updated 01/20/1997 AT 01:00 AM EST

originally published 01/20/1997 AT 01:00 AM EST

Most who wrote this week concerning our cover story firmly believe in the possibility of encounters with angels (PEOPLE, Dec. 23), and several correspondents even shared their own accounts of divine intervention.

At a time when everything you read is full of death, destruction and despair, how nice it was to read the feature on angels. It left me with a smile on my face and a feeling that we will always be taken care of. MICHELLE RYAN, Brandon, Fla.

Someone once said this country's greatest unused resource is prayer. With so much sadness in the world, I believe angels are becoming more popular as people strive for a spiritual connection and deeper meaning to their lives.
KAY LAROCCA, Hopewell, Pa.

My daughter attends school with Heather Harcum, 9, who after a car accident on Nov. 30 fell into a coma. Doctors weren't sure when she would come out of it but encouraged her family to talk to her, read to her and play music she liked. On Dec. 11 her mother played "Angels Among Us" by Alabama, and Heather woke with tears rolling down her cheeks. Now she is walking and talking, and doctors are amazed. Truly, Heather and her family were blessed by an angel.
LORI HUSKEY, Smithfield, Va.

Angels do perform miracles, even in corporate America. Recently I could not find a project binder I needed for an internal company audit. For weeks I spread the word with no results. The Friday before the audit my coworkers were teasing me about the trouble I would be in if the binder were not recovered. I assured them I was going to church that weekend to light a candle and ask God to send an angel to find it. The following Monday, a secretary walked up to me holding the binder. She found it on her desk that morning and had no idea how it got there. Needless to say, my coworkers were speechless. And I passed the audit.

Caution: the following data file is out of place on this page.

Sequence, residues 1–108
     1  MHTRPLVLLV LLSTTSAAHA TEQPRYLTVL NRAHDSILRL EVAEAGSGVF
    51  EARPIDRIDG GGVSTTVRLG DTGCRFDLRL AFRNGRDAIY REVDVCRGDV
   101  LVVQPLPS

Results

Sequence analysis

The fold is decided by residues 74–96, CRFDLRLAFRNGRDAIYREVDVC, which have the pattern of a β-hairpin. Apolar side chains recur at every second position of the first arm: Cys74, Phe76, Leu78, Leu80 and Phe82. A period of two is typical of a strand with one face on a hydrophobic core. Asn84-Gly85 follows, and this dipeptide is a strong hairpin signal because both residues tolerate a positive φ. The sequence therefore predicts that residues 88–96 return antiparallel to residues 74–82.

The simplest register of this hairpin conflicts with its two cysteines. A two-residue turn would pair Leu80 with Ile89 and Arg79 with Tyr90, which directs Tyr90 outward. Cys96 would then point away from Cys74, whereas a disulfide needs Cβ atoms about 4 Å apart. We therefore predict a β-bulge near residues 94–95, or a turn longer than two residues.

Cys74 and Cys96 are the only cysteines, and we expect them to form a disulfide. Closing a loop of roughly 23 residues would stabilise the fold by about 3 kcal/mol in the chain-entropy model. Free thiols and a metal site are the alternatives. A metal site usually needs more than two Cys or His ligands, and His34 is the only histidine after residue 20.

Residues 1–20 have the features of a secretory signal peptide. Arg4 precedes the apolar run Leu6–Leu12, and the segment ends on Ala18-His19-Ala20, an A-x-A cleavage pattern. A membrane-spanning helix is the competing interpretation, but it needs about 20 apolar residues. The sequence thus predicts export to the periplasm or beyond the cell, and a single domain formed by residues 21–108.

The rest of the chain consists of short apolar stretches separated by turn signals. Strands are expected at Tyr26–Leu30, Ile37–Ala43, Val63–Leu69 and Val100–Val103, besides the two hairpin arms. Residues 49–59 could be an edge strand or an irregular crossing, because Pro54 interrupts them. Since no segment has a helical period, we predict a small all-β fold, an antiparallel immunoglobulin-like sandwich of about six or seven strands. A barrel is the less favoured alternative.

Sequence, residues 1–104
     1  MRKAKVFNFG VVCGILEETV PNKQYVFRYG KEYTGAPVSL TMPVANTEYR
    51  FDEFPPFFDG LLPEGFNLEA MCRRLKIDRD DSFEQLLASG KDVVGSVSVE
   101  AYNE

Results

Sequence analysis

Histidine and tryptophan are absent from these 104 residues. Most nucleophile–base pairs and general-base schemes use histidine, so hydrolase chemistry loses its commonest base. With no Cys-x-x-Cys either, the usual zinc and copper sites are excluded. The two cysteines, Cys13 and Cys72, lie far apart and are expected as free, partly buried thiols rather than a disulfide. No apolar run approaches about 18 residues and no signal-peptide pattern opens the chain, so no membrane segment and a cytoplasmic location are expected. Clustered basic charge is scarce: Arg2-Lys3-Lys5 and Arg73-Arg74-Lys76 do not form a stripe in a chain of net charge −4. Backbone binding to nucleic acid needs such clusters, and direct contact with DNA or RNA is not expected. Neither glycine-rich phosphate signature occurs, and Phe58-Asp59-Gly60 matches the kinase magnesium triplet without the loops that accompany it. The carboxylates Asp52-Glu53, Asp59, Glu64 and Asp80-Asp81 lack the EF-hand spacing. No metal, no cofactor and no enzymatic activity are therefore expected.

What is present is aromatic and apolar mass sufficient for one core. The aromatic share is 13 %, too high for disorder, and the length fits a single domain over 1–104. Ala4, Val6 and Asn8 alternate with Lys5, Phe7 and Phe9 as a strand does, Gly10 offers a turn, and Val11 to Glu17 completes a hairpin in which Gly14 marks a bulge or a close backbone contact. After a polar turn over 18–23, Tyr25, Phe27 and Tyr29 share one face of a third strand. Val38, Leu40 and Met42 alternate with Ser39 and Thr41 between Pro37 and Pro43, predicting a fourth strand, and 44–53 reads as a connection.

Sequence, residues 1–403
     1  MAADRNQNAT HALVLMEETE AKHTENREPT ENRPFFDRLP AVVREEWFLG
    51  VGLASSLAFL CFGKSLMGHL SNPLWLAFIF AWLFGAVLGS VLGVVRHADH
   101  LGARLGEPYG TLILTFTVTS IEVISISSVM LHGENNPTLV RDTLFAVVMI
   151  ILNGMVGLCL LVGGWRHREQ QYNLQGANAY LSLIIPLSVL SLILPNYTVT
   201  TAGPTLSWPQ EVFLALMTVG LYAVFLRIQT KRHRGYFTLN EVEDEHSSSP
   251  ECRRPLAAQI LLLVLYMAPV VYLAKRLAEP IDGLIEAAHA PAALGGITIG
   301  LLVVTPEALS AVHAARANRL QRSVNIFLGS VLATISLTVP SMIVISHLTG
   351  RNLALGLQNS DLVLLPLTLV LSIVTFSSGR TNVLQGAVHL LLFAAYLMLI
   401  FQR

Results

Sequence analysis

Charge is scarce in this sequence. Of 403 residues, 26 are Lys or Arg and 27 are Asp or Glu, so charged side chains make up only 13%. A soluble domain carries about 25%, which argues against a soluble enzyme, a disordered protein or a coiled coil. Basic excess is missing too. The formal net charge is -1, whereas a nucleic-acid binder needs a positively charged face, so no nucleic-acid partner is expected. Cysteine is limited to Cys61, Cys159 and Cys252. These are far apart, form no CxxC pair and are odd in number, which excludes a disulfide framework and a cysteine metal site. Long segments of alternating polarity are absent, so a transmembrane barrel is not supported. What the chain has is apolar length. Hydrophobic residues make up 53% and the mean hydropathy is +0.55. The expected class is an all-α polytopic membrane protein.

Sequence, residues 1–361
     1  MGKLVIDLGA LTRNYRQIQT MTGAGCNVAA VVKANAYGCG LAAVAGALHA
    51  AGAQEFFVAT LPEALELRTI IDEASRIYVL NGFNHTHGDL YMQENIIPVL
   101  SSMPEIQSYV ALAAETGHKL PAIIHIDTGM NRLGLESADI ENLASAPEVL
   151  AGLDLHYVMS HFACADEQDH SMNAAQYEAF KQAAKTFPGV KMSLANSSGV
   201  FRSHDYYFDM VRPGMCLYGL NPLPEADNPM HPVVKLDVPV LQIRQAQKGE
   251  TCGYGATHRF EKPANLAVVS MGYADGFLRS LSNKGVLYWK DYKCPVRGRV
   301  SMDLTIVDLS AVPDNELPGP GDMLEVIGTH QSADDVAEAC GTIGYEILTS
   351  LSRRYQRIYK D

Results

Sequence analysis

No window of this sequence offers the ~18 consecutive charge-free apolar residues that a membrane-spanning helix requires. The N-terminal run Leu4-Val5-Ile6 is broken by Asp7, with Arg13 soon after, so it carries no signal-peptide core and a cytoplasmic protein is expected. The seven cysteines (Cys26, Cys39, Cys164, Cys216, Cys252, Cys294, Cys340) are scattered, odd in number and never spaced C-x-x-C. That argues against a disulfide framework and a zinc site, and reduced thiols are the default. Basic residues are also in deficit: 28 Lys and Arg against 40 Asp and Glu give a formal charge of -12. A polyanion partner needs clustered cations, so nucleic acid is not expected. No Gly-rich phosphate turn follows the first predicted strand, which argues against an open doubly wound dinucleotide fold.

When my dog died on Thanksgiving, I was broadsided by grief. When I saw your magazine at the market, I asked that there be specific words of comfort in it for me. Sure enough, Lou Dean's story paralleled my own in several ways. Dean, who believes the spirit of her dog saved her life, is a writer, as I am. Her dog was a terrier, just like mine. And one more coincidence—her dog's name was Shorty. That's what I used to call my little Quincy. Maybe I'm crazy, but I feel better.

About 30 years ago, I had an experience similar to "Drowning Yachtsman" Don Spann's. I was 10 years old and riding my bike through a park when I went to cross a wooden bridge over a creek. I lost my balance and landed face down in the creek bottom. Suddenly someone put their hands under my arms and raised me up on my feet. I turned around, but nobody was there. I have always believed God sent an angel to help me.
DANIEL MASON, Mesquite, Texas

I do not deny the existence of angels, but I'm very curious as to who shall be the chosen few they touch and why. Are angels involved only in a crisis of life and death? And what is the basis as to who shall live and who shall death? On the lighter side, I would welcome the feel of their touch during a stay at one of those casinos in Las Vegas. But I'm probably hoping for Lady Luck, while the angels are given more serious assignments.
GENE RATNER, Carson City, Nev.

After reading about Terrell Davis's struggle with migraines, I don't feel so alone. I, too, suffer from migraines of such severity that I have considered suicide in the midst of such an attack. Hopefully this article will bring attention to this affliction and cause more physicians to take migraines seriously instead of advising us to "take two aspirins and lie down."

Terrell Davis, you are not alone. As a teacher for 30 years, I found that calling in sick with "just a headache" or having to leave school because of pain and nausea was not always understood. One of the newer drugs, Imitrex, was a miracle for me until I had a severe reaction and had to stop taking it. I now use simple painkillers, and my migraines are mostly under control unless I'm under great stress or eat a certain food unknowingly.

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